Information and recommendations contained in Cavalier’s market commentaries and writings are of a general nature and are provided solely for the use of Cavalier its clients and prospective clients. This content is not to be reproduced, copied or made available to others without the expressed written consent of Cavalier. These materials reflect the opinion of Cavalier on the date of production and are subject to change at any time without notice. Due to various factors, including changing market conditions or tax laws, the content may no longer be reflective of current opinions or positions. Past performance does not guarantee future results. Where data is presented that is prepared by third parties, such information will be cited, and these sources have been deemed to be reliable. However, Cavalier does not warrant the accuracy of this information. The information provided herein is for information purposes only and does not constitute financial, investment, tax or legal advice. Investment advice can be provided only after the delivery of Cavalier’s Brochure and Brochure Supplement (Form ADV Part 2A&B) and once a properly executed investment advisory agreement has been entered into by the client and Cavalier. All investments are subject to risks. Investments in bonds and bond funds are subject to interest rate, credit and inflation risk.

Are You Prepared for the ‘Great Wealth Transfer’?

Possibly the single largest wealth transfer in history is now under way. And as a result, so is one of the greatest shifts in wealth management.

The Baby Boom Generation has started to pass along its accumulated assets to their children and grandchildren, a process that will continue for, at least, the next few decades. When done, an estimated $30 trillion  in wealth will be transferred from one generation to the next.

With this tremendous movement of assets comes a challenging moment for many financial advisors. The key is earning the loyalty of that next generation, be they Generation X or Millennial heirs, because if recent studies are correct, most children will promptly fire their parents’ advisors.

According to an InvestmentNews survey , 66% of children fire their parents’ financial advisor after they inherit their parents’ wealth.

While the perception is that Gen Xers may be more inclined to drop their parents’ advisors than Millennials, a recent CNBC article  notes that “Millennials most certainly don’t want to use their parents’ financial advisor, due to issues of relatability. Every child wants to rebel a bit.”

Not only are their Baby Boomer clients growing older, but the financial advice industry is aging as well, and many younger heirs and their parents’ advisors may have a hard time relating across the generational divide. On top of relatability issues, many of those heirs may also want to enhance their wealth management experience through a combination of self-directed digital tools, while still having access to human advisors.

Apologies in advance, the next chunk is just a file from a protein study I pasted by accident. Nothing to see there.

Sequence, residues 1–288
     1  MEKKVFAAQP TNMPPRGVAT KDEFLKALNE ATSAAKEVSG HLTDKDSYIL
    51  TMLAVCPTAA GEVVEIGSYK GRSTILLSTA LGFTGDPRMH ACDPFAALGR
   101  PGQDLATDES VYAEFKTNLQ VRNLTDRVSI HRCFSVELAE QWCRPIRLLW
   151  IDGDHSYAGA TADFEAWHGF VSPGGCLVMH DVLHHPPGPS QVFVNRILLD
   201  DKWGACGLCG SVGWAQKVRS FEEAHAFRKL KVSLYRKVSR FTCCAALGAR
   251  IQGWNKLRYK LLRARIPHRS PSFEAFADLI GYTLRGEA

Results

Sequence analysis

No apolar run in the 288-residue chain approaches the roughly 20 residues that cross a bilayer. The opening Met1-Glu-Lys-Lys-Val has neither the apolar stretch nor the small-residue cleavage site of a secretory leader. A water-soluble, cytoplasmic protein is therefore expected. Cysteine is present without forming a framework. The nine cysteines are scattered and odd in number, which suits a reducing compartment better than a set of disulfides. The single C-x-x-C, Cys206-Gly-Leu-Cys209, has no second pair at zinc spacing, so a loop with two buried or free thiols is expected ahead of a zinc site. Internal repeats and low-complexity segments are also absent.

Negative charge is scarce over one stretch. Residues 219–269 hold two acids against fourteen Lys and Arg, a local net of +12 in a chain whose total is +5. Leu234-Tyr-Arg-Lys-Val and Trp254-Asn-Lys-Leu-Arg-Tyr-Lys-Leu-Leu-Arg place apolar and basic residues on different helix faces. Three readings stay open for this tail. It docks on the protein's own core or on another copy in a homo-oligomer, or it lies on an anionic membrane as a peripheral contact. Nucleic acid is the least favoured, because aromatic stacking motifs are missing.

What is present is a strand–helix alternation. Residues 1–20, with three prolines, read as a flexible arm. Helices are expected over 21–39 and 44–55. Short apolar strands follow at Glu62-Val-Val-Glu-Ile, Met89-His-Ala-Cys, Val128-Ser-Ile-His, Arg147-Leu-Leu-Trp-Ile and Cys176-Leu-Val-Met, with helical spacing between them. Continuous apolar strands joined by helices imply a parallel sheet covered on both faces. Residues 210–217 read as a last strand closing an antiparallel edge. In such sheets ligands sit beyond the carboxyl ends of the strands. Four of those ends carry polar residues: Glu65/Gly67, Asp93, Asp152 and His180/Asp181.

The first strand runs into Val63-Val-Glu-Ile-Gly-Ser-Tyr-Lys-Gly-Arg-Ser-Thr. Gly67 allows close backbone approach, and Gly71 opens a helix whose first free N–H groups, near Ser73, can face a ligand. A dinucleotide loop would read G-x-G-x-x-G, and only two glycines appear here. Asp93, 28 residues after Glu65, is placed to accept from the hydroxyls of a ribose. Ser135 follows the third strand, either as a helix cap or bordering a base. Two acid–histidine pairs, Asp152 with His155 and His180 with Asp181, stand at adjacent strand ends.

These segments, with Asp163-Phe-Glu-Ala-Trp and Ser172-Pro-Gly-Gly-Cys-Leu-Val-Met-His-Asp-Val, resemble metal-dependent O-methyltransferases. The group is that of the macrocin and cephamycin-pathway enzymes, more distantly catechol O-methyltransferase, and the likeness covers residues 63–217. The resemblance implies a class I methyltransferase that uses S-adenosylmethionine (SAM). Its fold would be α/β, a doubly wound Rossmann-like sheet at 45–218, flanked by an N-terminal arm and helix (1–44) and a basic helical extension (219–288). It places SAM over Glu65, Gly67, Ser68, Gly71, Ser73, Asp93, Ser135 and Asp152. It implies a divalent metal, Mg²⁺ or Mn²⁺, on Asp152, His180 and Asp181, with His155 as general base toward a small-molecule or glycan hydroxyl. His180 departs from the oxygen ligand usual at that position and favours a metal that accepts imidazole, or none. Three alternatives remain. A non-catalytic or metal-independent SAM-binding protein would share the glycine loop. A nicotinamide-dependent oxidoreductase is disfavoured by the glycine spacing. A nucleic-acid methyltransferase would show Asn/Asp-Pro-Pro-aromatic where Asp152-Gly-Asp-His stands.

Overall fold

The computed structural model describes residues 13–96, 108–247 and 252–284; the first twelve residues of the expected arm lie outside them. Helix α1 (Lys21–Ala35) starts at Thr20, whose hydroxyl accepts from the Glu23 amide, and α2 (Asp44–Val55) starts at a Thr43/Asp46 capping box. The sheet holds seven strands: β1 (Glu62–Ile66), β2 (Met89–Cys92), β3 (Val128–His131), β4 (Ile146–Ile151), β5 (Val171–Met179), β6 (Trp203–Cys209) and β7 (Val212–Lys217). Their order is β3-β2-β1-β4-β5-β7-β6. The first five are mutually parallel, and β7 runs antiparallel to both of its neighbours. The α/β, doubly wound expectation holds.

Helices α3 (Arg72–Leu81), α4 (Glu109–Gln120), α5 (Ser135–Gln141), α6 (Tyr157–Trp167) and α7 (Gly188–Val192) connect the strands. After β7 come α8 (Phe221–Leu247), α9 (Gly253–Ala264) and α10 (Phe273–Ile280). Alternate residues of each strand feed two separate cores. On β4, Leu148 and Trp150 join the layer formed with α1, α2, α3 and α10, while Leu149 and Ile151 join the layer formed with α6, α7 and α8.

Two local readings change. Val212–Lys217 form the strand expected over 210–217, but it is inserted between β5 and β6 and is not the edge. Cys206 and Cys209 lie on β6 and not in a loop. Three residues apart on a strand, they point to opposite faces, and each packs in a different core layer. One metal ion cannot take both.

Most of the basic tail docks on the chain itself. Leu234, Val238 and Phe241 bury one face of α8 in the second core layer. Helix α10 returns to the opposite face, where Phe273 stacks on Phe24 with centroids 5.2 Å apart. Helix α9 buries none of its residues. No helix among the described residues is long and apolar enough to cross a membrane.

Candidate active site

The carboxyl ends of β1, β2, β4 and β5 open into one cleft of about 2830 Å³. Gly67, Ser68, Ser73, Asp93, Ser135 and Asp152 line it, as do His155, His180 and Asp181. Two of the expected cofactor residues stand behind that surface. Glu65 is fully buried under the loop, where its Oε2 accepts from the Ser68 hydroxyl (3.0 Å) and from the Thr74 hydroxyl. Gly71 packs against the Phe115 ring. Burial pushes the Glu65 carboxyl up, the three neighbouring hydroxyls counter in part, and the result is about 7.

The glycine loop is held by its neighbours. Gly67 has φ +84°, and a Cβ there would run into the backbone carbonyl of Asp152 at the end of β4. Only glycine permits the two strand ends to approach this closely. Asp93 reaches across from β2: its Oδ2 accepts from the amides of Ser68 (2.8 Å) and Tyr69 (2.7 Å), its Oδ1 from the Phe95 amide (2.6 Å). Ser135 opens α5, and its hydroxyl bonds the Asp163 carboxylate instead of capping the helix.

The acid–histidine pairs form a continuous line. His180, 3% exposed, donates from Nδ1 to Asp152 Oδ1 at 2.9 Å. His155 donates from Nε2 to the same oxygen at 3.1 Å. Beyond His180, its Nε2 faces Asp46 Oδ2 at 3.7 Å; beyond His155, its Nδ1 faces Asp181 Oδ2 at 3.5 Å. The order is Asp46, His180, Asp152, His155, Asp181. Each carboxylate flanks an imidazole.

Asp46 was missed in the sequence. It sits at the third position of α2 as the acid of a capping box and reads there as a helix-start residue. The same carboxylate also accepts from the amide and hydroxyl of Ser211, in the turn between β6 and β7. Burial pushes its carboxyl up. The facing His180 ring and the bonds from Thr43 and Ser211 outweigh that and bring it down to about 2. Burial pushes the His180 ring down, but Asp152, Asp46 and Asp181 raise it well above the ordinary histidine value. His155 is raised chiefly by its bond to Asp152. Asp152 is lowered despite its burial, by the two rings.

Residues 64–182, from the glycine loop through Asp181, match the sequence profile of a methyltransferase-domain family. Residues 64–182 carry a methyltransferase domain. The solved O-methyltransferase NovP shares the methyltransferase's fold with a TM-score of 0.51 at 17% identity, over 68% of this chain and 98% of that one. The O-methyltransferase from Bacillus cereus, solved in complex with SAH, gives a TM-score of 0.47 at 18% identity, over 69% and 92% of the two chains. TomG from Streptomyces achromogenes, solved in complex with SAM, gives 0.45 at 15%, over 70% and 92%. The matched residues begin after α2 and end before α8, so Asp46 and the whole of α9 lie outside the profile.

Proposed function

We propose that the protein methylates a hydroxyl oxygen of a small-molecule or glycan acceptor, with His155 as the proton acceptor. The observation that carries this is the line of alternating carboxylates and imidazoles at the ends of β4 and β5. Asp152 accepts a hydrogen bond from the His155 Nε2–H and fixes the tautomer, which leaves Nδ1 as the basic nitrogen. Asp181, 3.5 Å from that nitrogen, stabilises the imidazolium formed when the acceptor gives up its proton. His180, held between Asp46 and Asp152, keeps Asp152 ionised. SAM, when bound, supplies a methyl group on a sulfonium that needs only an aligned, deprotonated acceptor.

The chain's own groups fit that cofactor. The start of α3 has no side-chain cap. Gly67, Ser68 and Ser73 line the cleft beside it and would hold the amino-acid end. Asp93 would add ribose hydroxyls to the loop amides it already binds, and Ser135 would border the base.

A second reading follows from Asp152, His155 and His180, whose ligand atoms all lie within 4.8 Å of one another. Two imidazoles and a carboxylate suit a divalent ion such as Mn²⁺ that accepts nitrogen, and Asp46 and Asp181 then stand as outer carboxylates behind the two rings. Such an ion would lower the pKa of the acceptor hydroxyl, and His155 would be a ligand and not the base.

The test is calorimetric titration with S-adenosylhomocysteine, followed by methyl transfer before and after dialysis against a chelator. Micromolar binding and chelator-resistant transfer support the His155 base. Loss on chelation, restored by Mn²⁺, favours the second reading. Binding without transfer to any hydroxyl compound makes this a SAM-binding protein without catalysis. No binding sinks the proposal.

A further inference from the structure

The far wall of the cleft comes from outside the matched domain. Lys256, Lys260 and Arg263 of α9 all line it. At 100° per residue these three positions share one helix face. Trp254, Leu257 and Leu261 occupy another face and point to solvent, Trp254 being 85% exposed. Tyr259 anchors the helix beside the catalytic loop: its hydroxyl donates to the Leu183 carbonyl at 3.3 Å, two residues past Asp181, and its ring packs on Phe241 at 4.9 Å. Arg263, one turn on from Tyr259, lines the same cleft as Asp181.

Some advisory firms have taken steps to meet this challenge by hiring younger advisors and adding robo-advisor platforms with lower minimums. Others have begun building relationships with the adult children of clients by having them participate in family meetings and helping them work through their own financial issues, like managing student loan debt and buying their first home.

Whether an advisor’s clients represent an older or younger generation, it is important to uncover the expectations of both parents and their adult children. Now is the time for advisors to take on the opportunity to learn more about each generations’ wants, needs, and goals, improve their service to existing clients, and make themselves more attractive to the next generation of clients.

 

 

©2018 Cavalier Investments, LLC is a Registered Investment Adviser.
Information and recommendations contained in Cavalier’s market commentaries and writings are of a general nature and are provided solely for the use of Cavalier its clients and prospective clients. This content is not to be reproduced, copied or made available to others without the expressed written consent of Cavalier. These materials reflect the opinion of Cavalier on the date of production and are subject to change at any time without notice. Due to various factors, including changing market conditions or tax laws, the content may no longer be reflective of current opinions or positions. Past performance does not guarantee future results. Where data is presented that is prepared by third parties, such information will be cited, and these sources have been deemed to be reliable. However, Cavalier does not warrant the accuracy of this information. The information provided herein is for information purposes only and does not constitute financial, investment, tax or legal advice. Investment advice can be provided only after the delivery of Cavalier’s Brochure and Brochure Supplement (Form ADV Part 2A&B) and once a properly executed investment advisory agreement has been entered into by the client and Cavalier. All investments are subject to risks. Investments in bonds and bond funds are subject to interest rate, credit and inflation risk.